You and I like share the same ancestry: We descend from hunters and gatherers, right? But before graduation from college, I was never responsible for hunting nor gathering my own food. For the most part, I was sheltered and fed--at home with my parents until college, as a camper and then a staff member at summer camps in the summer, and in my dear old college refectory (known as "the RAT") in college.
Suddenly, post-college, I found myself living in Washington, DC with a salary half that of the average starting salary for new grads today. (Actually, to be more accurate, I lived in Northern Virginia and worked in Washington. It was a move to save money initially but it later saved me thousands when I got accepted to the University of Virginia for graduate school--in-state residency was a gift and a lucky career move.)
My roommate and I found a decent sized two bedroom apartment. On the first day without our families, we unpacked for ten hours straight and then we followed the advice of our friends: we walked to the grocery store, and we bought an enormous amount of canned goods to stock up. Then we came home, had a glass of wine from a Franzia box, and started to think about dinner. My roommate, a native of New Orleans was planning to cook up a pot of rice and beans...and couldn't wait to break out her Tabasco sauce.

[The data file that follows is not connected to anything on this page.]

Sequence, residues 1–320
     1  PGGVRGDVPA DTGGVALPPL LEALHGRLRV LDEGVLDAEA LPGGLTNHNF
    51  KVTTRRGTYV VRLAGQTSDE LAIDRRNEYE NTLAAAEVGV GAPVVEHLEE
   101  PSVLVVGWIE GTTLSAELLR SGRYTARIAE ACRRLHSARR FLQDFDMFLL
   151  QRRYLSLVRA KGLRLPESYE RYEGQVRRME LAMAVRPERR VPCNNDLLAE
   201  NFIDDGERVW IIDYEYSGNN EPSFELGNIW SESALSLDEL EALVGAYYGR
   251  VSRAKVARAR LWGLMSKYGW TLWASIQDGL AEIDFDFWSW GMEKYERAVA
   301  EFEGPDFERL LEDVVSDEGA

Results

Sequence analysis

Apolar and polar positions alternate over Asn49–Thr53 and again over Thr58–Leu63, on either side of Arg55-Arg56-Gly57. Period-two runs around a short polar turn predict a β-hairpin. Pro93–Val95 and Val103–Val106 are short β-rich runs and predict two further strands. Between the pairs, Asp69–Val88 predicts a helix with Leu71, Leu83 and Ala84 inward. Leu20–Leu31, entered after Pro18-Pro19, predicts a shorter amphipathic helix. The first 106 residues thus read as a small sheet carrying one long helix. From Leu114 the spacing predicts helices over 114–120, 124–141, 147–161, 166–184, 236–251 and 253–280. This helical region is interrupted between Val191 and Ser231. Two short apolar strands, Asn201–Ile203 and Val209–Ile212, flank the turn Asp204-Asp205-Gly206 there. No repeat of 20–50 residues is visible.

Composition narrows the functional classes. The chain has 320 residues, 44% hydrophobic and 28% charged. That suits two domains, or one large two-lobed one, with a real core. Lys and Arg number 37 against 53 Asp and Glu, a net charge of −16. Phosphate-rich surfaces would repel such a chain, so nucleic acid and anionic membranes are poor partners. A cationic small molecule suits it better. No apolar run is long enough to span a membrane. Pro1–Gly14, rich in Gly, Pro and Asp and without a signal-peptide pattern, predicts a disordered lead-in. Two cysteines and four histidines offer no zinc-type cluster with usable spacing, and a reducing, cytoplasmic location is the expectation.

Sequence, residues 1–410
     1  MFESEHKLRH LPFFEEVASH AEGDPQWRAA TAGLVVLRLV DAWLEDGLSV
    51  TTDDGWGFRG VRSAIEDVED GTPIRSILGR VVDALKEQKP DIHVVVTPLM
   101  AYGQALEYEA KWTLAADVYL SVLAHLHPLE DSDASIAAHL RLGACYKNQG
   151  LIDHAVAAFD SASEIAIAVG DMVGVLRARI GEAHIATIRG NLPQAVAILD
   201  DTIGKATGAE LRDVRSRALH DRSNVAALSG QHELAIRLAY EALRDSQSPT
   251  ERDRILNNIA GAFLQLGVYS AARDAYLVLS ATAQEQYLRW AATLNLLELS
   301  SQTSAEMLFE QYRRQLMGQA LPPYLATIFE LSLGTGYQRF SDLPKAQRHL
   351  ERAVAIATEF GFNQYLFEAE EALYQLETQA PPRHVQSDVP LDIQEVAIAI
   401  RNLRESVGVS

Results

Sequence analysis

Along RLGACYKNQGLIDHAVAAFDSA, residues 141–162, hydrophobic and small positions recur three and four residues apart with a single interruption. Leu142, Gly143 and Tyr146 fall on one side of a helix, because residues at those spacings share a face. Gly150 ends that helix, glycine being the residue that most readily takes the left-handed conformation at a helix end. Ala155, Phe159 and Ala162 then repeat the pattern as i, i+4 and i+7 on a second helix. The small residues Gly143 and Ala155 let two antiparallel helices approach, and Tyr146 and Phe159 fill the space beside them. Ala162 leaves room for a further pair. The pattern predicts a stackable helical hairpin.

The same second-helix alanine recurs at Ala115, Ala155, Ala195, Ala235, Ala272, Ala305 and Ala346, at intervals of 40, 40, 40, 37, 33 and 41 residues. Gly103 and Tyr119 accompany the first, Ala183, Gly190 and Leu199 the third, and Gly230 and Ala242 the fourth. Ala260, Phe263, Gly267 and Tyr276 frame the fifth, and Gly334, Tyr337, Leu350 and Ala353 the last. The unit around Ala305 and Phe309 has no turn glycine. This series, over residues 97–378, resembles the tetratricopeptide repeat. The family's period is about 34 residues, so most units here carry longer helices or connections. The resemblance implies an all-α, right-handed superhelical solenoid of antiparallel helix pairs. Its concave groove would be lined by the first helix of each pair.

We quickly discovered that we were out of options had very little to choose from: As it turned out, we had forgotten to buy a can opener, the stores had closed for the night, and we had lots of beans that we could not open.
So we ate oranges and peanut butter sandwiches with our very fine wine. Then we went out and invested in a can opener and we ate much better after that. We were starving entry-level employees. An English major and a Fine Arts grad.
Obviously, the memory remains, and the experience has ultimated shaped the advice I give to new grads. No matter what you do post-grad, you need three essentials for your professional life: regular access to e-mail, a toolbox (so that you can make a place to hang your hat), and that all important can opener.
Those are my essentials for success, what are yours?